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All Categories (1-17 of 17)

  1. Canine and feline parasitic zoonoses in China

    Contributor(s):: Chen, Jia, Xu, Min-Jun, Zhou, Dong-Hui, Song, Hui-Qun, Wang, Chun-Ren, Zhu, Xing-Quan

  2. Pet travel changes - good for owners... but what about pets?

    Contributor(s):: Cooper, E.

  3. The use of quantitative risk assessment to assess lifetime welfare outcomes for breech strike and mulesing management options in Merino sheep

    Contributor(s):: Fisher, A. D., Giraudo, A., Martin, P. A. J., Paton, M. W.

  4. Myiasis in pet animals in British Columbia: the potential of forensic entomology for determining duration of possible neglect

    Contributor(s):: Anderson, G. S., Huitson, N. R.

  5. Ethical issues associated with sheep fly strike research, prevention, and control

    Contributor(s):: Morris, M. C.

    This paper deals with ethical issues associated with fly strike research, prevention and control. It is argued that in their attempt to find control solutions and to understand the disorder, Australasian researchers increase sheep suffering by conducting experiments that artificially induce fly...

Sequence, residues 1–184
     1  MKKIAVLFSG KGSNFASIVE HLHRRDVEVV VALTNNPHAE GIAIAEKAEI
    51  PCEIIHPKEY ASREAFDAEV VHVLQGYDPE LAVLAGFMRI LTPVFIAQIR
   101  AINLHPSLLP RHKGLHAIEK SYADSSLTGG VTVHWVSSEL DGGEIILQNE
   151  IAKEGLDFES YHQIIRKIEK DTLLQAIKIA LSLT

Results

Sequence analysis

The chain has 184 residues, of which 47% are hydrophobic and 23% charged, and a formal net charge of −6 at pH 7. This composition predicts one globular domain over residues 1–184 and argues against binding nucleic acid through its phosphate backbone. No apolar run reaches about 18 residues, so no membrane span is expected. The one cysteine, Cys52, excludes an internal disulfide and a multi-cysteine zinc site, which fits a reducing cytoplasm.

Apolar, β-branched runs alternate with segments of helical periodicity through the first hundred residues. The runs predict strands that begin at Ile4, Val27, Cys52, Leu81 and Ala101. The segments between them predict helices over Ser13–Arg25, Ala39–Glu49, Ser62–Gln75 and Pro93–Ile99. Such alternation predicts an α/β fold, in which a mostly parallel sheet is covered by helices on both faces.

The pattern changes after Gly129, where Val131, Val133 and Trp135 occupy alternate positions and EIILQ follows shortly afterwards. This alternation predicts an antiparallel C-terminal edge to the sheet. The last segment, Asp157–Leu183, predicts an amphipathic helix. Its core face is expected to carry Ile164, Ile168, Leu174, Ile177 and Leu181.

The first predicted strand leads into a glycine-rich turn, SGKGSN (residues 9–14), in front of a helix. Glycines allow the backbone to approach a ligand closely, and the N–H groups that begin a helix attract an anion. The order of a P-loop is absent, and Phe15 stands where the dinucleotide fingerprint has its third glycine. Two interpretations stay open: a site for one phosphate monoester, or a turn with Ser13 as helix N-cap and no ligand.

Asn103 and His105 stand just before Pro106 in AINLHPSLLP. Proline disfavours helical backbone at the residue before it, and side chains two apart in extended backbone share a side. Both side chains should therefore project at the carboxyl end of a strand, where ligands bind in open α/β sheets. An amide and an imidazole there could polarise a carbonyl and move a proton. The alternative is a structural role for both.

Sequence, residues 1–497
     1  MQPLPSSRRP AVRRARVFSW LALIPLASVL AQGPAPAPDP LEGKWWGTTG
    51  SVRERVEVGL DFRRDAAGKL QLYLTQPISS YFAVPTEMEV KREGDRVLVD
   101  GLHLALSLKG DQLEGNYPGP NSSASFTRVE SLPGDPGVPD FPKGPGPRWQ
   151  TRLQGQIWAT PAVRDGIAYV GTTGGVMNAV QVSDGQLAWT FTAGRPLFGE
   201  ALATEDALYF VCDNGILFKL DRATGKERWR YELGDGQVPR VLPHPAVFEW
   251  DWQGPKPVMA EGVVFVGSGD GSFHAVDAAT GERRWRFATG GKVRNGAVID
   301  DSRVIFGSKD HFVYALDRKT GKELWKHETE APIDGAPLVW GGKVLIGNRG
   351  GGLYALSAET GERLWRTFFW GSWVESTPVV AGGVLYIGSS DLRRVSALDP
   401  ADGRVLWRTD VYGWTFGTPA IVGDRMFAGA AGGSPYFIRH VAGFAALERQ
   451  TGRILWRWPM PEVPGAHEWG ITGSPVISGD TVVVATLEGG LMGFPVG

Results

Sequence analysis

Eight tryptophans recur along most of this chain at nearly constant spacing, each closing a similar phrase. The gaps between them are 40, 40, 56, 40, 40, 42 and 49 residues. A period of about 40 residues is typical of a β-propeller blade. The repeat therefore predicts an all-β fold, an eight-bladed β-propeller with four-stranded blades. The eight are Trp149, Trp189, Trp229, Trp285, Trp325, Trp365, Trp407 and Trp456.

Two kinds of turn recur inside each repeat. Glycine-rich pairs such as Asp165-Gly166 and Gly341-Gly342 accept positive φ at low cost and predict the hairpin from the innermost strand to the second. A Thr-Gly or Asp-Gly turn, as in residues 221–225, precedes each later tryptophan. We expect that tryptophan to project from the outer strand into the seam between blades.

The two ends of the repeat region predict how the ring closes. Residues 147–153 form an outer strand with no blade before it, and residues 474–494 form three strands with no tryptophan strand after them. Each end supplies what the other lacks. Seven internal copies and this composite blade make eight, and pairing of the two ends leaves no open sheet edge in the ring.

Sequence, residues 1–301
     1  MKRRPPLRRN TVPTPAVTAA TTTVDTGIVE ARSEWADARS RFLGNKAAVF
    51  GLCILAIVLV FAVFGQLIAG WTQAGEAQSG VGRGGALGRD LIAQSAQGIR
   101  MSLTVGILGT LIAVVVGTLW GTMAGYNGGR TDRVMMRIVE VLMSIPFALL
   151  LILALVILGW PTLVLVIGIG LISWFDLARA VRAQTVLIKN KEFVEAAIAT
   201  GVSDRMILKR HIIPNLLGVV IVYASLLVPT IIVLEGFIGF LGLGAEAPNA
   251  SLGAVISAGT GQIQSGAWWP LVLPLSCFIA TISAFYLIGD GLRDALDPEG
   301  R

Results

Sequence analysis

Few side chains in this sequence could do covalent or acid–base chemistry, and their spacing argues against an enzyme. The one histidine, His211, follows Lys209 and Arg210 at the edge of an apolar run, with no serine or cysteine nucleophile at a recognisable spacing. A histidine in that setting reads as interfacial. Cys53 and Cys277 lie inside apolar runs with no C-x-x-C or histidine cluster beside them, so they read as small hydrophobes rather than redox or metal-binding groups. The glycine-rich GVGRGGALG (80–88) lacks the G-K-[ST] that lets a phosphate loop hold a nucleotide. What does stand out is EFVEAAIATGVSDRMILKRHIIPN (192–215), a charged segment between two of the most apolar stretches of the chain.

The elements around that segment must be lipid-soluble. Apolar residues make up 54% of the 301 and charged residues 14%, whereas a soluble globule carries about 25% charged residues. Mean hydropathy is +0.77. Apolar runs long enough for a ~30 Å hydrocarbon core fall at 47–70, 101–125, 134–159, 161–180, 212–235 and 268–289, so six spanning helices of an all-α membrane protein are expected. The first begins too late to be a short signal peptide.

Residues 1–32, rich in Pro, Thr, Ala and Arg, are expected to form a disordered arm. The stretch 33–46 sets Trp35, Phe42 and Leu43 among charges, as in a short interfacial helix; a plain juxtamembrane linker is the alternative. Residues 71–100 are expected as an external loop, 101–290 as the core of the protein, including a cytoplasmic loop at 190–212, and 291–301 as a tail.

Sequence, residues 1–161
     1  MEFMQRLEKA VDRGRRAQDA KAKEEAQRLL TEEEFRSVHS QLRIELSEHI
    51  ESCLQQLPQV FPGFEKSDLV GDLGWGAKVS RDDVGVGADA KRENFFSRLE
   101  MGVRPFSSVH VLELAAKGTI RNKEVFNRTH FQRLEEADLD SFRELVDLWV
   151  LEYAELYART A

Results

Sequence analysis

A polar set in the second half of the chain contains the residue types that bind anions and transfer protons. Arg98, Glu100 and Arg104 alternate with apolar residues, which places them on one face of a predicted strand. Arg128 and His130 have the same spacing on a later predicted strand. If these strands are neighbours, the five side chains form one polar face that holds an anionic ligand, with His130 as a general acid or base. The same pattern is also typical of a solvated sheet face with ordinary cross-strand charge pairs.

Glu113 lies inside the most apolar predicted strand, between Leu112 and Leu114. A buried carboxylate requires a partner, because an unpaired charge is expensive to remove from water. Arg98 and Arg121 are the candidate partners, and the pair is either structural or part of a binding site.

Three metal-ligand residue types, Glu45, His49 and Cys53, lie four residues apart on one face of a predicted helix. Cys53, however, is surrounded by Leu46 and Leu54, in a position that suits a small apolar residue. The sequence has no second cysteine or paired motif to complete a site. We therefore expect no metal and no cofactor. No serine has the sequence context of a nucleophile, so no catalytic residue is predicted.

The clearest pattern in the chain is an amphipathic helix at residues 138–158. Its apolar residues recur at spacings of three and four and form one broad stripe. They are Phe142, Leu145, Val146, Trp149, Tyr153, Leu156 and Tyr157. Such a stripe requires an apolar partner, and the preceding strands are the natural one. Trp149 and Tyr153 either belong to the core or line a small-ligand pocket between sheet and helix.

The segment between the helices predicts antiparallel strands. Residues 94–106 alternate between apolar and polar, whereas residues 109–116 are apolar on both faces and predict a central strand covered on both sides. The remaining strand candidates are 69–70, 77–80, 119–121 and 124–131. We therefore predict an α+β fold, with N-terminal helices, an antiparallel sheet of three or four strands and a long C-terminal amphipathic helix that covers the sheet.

6. Farmer's response to societal concerns about farm animal welfare: the case of mulesing

    Contributor(s):: Wells, A. E. D., Sneddon, J., Lee, J. A., Blache, D.

    The study explored the motivations behind Australian wool producers' intentions regarding mulesing; a surgical procedure that will be voluntarily phased out after 2010, following retailer boycotts led by People for the Ethical Treatment of Animals. Telephone interviews were conducted with 22 West...

  7. Preference testing in intensively kept meat production rabbits for straw on wire grid floor

    Contributor(s):: Morisse, J. P., Boilletot, E., Martrenchar, A.

    384 hybrid commercial breed rabbits were assigned to 16 pens of 1.6 msuperscript 2 (15 rabbits/msuperscript 2). Eight pens used as controls had an all-wire floor, while in 8 other pens, rabbits could choose between a wire floor or a deep litter topped up once a week and completely replaced once...

  8. Effects of mulesing and alternative procedures to mulesing on the behaviour and physiology of lambs

    Contributor(s):: Hemsworth, P. H., Barnett, J. L., Karlen, G. M., Fisher, A. D., Butler, K. L., Arnold, N. A.

    Mulesing involves the surgical removal of skin adjacent to the perineum and tail without anaesthesia or analgesia in lambs. This procedure was developed to reduce the risk of flystrike (cutaneous myiasis) around the perineum. Alternative interventions to mulesing have historically been...

  9. Hygiene measures for animal-assisted interventions in hospitals, rehabilitation hospitals and retirement homes

    Contributor(s):: Hoffmann, C., Herr, C., Eikmann, T.

    Active or passive interactions with animals in animal-assisted interventions can be of great physical (reduction of hypertension, cardiac and circulatory troubles, muscle relaxation, pain relief etc.) and psychosocial (reduction of loneliness, fear and hostility, improvement of self-confidence)...

  10. Compendium of measures to prevent disease associated with animals in public settings, 2007: National Association of State Public Health Veterinarians, Inc. (NASPHV)